The group’s report cites a Tax Policy Center estimate that the new tax law will translate to a $51,140 tax cut for the wealthiest 1 percent of households, but families earning less than $25,000 in 2018 will see “a mere $60 in tax savings.” House Speaker Paul Ryan (R-Wis.) just took heat for tweeting about a Pennsylvania high-school secretary who was pleasantly surprised her paycheck rose $1.50 a week due to the tax cut.

What the Prosperity Now report doesn’t mention, however, is that the new tax law also doubled the standard deduction (to $24,000 for married couples filing jointly) and doubled the child-care tax credit (to as much as $2,000 per qualifying child). Both changes stand to help low-income Americans.

What the Debt Figures Say


For the first time, this year’s Prosperity Now Scorecard included data on Americans’ levels of personal debt and their debt management. Both have been improving, overall — but there are a few debt trends going in the wrong direction.

On the plus side, median credit card debt fell 6.5 percent from $2,397 in the second quarter of 2010 to $2,241 in the second quarter of 2017, adjusted for inflation. And the percentage of consumers with delinquent credit card debt decreased from 11.7 percent of borrowers in 2010 to 8.4 percent in 2017.

But student loan debt is a growing problem: Median student loan debt increased by 21.4 percent between 2010 and 2017, from $14,588 to $17,711. The percentage of student loan borrowers who are delinquent (15.8 percent) is nearly twice the percentage of delinquent credit card borrowers. Among those over 55 with student loan debt, 12.3 percent are severely delinquent.

Also, the report noted, many households of color are dealing with debt issues. “Student loan debt typically haunts students of color for much longer than other students,” it said. Households of color are also more likely to be turned down for loans and are more vulnerable to fees and predatory products than white households.

An Urban Institute study of 60 U.S. cities discovered that the predominately white areas had a median credit score 80 points higher than in predominately non-white neighborhoods, which can cost families of color $100 or more each month on a mortgage. And the Federal Reserve Board’s Survey of Consumer Finances found that African American households are twice as likely as white household to be late on credit payments.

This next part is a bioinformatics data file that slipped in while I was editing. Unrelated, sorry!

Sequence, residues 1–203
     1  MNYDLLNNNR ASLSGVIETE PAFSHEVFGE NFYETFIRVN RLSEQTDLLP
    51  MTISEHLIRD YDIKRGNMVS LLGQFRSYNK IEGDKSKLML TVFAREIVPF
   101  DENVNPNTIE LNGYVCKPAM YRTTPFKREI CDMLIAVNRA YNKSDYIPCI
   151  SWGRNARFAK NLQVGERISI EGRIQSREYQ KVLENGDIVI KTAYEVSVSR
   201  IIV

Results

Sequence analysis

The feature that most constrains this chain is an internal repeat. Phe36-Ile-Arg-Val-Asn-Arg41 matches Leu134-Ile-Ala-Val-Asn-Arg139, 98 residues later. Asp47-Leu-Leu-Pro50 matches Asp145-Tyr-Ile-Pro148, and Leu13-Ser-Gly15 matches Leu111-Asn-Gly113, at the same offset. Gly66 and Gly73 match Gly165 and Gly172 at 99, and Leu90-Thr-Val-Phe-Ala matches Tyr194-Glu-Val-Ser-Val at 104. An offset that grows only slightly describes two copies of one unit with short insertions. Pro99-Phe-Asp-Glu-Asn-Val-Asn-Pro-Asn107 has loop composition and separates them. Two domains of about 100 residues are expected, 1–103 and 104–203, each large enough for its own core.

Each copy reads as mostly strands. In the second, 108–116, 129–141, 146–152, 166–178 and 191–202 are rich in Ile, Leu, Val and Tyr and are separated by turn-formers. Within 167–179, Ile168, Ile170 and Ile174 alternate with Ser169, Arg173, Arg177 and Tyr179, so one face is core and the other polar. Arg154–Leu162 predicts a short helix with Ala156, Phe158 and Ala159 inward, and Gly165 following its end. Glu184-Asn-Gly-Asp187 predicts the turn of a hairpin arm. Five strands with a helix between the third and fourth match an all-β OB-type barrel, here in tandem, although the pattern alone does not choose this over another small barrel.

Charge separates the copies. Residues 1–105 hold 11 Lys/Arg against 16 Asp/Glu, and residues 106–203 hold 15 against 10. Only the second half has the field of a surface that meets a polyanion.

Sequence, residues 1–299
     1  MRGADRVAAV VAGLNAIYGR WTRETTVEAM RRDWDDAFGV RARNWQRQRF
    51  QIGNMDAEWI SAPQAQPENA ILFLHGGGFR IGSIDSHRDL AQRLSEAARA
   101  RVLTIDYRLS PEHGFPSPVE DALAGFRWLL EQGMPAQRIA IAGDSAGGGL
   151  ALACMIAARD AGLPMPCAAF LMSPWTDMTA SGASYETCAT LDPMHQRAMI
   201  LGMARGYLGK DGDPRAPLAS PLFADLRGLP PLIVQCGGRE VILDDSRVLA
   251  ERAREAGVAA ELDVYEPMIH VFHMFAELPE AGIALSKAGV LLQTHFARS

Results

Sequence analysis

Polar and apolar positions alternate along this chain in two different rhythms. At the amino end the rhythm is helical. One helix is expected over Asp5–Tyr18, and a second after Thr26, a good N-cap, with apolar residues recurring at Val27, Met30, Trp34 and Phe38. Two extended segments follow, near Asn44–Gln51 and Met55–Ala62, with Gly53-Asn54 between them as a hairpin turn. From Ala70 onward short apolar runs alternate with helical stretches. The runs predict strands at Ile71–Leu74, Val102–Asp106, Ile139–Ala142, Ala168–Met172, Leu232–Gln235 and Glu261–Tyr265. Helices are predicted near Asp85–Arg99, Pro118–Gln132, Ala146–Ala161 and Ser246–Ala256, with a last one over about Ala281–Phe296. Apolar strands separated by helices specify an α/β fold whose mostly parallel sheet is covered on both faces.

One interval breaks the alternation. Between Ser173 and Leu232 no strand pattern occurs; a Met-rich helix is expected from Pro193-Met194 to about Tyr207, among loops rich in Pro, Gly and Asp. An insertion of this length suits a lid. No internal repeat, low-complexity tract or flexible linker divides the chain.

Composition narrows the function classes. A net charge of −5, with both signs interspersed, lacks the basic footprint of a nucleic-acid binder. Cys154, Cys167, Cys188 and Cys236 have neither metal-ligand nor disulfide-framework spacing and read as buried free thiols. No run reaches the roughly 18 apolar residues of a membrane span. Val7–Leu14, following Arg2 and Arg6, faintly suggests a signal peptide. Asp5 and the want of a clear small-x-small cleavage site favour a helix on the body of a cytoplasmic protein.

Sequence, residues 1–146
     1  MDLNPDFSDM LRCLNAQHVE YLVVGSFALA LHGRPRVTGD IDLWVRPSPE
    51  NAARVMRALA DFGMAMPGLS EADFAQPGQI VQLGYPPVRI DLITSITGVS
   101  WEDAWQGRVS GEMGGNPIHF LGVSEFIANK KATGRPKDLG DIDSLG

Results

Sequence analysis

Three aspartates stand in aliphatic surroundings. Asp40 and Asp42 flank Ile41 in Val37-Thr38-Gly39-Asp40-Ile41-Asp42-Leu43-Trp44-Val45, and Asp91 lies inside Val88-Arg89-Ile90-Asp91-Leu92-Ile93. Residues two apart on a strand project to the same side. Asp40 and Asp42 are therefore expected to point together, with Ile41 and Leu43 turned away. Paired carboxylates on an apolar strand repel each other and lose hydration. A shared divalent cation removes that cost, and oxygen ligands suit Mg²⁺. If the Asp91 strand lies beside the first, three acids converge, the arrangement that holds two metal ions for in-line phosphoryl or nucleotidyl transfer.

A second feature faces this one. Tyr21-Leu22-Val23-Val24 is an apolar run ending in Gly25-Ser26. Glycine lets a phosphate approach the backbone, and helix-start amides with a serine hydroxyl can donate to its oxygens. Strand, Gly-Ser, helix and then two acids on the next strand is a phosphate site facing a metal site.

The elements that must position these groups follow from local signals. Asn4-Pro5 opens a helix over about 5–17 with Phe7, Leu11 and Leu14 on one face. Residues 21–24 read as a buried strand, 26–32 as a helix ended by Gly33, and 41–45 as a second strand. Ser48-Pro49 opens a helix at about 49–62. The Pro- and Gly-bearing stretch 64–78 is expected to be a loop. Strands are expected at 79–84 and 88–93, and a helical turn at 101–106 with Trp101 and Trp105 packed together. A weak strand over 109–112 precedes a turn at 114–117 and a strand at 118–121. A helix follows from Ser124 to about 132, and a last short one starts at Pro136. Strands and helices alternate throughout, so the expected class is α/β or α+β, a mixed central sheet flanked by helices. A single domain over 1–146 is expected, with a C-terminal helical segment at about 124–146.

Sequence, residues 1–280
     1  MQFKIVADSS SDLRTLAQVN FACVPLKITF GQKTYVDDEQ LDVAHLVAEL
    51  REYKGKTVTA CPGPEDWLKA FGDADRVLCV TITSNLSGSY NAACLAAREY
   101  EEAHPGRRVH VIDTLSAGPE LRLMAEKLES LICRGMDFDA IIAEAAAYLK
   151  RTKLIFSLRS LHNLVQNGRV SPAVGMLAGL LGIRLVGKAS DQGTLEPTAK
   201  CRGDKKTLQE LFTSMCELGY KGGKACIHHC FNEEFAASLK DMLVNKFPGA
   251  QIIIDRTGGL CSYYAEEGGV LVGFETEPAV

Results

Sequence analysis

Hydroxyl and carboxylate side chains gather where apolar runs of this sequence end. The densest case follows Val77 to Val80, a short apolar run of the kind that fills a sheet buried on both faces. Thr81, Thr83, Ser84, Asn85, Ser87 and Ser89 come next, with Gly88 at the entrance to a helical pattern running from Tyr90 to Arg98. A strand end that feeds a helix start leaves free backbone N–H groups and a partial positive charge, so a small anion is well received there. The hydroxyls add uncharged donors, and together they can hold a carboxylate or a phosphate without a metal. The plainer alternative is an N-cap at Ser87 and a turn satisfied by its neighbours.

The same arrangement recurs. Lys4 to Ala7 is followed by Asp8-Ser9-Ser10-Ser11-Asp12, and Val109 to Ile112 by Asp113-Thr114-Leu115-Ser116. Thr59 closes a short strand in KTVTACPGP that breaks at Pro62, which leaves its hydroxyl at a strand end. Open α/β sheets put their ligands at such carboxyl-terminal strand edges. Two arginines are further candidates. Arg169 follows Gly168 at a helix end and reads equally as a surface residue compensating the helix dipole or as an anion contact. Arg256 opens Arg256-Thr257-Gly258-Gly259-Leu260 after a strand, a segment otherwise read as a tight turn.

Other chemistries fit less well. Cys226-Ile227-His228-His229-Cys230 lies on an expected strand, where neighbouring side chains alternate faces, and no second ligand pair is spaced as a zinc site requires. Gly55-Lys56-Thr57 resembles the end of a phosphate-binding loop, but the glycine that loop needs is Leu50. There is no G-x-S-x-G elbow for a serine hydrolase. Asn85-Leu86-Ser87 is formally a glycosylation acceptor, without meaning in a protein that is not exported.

All in all, Wiedrich said, Americans with low wealth generally aren’t reaping the benefits of today’s humming economy. Their wages aren’t keeping up with the rising costs of housing and health care. Also, "many are dealing with income volatility, which makes it hard to plan and to make ends meet,” said Wiedrich.

States Expanding the Earned Income Tax Credit

A few states, however, have recently adopted policies — or are working to do so — that could help low-income people on the path to prosperity.

For example, Hawaii, Montana and South Carolina established state earned income tax credits; California and Illinois expanded their credits to cover more working families. These tax credits, like the federal anti-poverty one, put money in the pockets of low- and moderate-income working people so they can keep more of what they earn. Currently, 29 states have a state earned income tax credit.

Helping Americans Save for Retirement

And, although the Trump administration and Congress recently made it tougher for states to set up retirement plans for residents whose employers don’t offer them — a “short-sighted” policy, Weidrich said — a few states are creating them anyway.

California, Connecticut, Illinois, Maryland and Oregon have done this; Massachusetts, New Jersey, Vermont and Washington, the Prosperity Now report said, “are pursuing similar strategies.” That could be especially helpful for low-income people; 77 percent of the lowest-earning workers lack access to an employer-provided retirement plan.

'Lifting Citizens to Prosperity'

President Trump declared in his State of the Union speech that “we can lift our citizens… from poverty to prosperity.” But, Prosperity Now maintains, to make that happen, more states and federal policymakers need to do more — especially now, when times are good for so many.

“At some point, the economy will encounter another downswing or recession and those who are not benefiting much from today’s economic gains will be hardest hit,” said Wiedrich.

This story is part of our partnership with Chasing the Dream: Poverty and Opportunity in America, a public media initiative. Major funding is provided by The JPB Foundation. Additional funding is provided by the Ford Foundation.

Photograph of Richard Eisenberg
Richard Eisenberg is the former Senior Web Editor of the Money & Security and Work & Purpose channels of Next Avenue and former Managing Editor for the site. He is the author of "How to Avoid a Mid-Life Financial Crisis" and has been a personal finance editor at Money, Yahoo, Good Housekeeping, and CBS MoneyWatch. Read More